Castro said that he is particularly proud of the modern architecture in the athletes’ village, a radical departure from the unimaginative Soviet box-style that has been prevalent the last three decades.
“The Pan American village is a construction for the people of Cuba,” he said. “We will have 1,473 new apartments as part of our housing program. As an additional benefit, it has brought about a revolution in Cuban architecture. In Cuban architecture, there will be two major periods--before the Pan American Games and after the Pan American Games.”
Justifying construction for housing is one thing, but does Cuba need new sports stadiums?
Anticipating the question before it was asked, Castro said that providing sports for the people of Cuba has been an integral part of the revolution. Like many socialist countries, Cuba also has used sports as an international stage for promoting its political system. In virtually every interview, its athletes pay tribute to the revolution. They have been very successful in baseball, boxing, volleyball and some track and field events.
“Havana will have excellent facilities--not to be used in just one month but to be used by our people for tens of years,” he said. “Even without the Pan American Games, our country has invested billions--billions--in the construction of sports facilities. In the future, we will continue to build them.”
There is no question that many Cubans are sports fans. One of the two government-operated television channels features sports programming almost every night. But one Western European diplomat based in Havana said he believes most Cubans eagerly anticipate the Pan American Games because of reasons not confined to sports.
The Games, he said, will provide a diversion from the country’s economic problems, which resulted to a large extent from increased oil prices, decreased subsidies from the Soviet Union and diminished contacts with its former East Bloc trading partners.
“For Cuba, it’s also a psychological question,” he said. “The Pan American Games are for the national prestige. Cubans aren’t always committed communists, but they are committed nationalists. Maybe some people are not too happy with the Pan American Games, but they are proud to organize them. It stimulates their national progress.”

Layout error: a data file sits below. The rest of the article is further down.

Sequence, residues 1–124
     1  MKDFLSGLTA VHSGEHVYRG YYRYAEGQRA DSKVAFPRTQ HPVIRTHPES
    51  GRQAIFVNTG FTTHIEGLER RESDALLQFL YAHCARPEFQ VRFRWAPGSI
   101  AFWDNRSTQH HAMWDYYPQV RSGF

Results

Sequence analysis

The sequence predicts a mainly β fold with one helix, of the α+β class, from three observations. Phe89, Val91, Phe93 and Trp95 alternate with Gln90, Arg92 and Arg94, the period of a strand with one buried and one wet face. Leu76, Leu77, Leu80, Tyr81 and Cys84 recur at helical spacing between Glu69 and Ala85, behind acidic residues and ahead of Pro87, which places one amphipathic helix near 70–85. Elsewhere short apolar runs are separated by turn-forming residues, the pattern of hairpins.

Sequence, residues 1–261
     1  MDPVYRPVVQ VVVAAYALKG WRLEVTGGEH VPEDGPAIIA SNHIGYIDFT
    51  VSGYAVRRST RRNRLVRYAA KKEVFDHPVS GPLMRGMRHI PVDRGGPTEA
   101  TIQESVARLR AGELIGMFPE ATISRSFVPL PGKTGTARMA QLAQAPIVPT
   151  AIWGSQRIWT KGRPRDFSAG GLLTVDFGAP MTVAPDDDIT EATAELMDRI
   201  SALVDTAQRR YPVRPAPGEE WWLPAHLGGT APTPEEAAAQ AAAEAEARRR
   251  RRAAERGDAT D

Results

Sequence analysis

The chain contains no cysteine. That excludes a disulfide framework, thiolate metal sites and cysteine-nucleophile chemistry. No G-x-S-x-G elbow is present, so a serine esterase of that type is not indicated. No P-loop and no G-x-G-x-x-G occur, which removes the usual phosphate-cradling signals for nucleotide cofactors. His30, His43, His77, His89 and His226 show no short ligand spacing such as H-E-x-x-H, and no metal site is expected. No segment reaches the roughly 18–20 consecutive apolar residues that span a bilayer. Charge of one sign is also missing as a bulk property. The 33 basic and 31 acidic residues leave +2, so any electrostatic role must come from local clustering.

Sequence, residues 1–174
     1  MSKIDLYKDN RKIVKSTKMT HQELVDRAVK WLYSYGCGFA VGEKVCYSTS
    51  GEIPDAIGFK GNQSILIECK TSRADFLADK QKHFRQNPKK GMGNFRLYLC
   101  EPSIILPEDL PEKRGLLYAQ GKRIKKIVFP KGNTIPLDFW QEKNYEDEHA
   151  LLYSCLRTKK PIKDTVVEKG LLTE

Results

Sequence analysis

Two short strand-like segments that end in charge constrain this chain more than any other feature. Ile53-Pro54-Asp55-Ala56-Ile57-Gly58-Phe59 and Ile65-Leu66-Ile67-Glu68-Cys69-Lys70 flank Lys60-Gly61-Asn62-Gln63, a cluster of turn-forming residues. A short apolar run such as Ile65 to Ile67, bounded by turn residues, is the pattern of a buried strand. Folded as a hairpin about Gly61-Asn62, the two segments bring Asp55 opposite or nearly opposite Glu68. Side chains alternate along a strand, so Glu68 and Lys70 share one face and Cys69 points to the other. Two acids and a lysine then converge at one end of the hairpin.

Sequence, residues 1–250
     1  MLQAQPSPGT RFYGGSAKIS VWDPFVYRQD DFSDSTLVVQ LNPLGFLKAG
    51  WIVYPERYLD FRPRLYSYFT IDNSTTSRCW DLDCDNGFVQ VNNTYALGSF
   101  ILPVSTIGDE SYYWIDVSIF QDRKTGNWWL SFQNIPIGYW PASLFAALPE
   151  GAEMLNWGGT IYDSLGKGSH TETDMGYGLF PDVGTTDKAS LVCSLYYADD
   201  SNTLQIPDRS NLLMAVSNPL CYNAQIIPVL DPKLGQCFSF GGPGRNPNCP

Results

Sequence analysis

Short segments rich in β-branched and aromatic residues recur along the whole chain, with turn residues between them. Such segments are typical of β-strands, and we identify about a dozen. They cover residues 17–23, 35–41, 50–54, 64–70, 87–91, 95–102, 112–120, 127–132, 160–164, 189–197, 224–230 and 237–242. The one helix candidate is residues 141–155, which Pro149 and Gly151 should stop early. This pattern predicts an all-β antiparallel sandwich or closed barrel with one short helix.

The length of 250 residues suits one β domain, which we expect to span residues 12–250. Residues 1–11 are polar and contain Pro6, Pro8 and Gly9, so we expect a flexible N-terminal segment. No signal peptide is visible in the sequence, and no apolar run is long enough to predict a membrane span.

That assumes that the Games will be a success. Some among the group of journalists and U.S. Olympic Committee officials were skeptical after visiting the construction sites last week. Although the Cubans have projected that most facilities will be completed by mid-May, that would require a mini-miracle in some cases.
USOC President Robert Helmick said he is not yet concerned. “It will be more important to look at the status of the construction in April or May,” he said. “I am satisfied that progress is being made.”
But he expressed doubt that the new swimming complex will be completed for the Games. If not, he said that the U.S. swimming and diving federations will have to decide whether to compete in the old pool, now scheduled as the site for water polo.
The Cubans said that they will call on all available resources if necessary to complete construction before Aug. 2. That includes the military, students and even athletes, who are required to work 80 hours on the sports facilities.
“All persons in Cuba are under our control,” said Reynaldo Gonzalez Lopez, who is in charge of construction at the athletes’ village. “It is true that we have only seven months. But if you work 24 hours a day, seven months become 14 months.”
During his news conference, Castro said, “We cannot conceive of not completing all the facilities for the Pan American Games.”
A sign in large block letters draped across the outside wall of the swimming complex says, “Fidelidad,” which means fidelity or faithfulness. Or, in this case, perhaps “Have Faith.”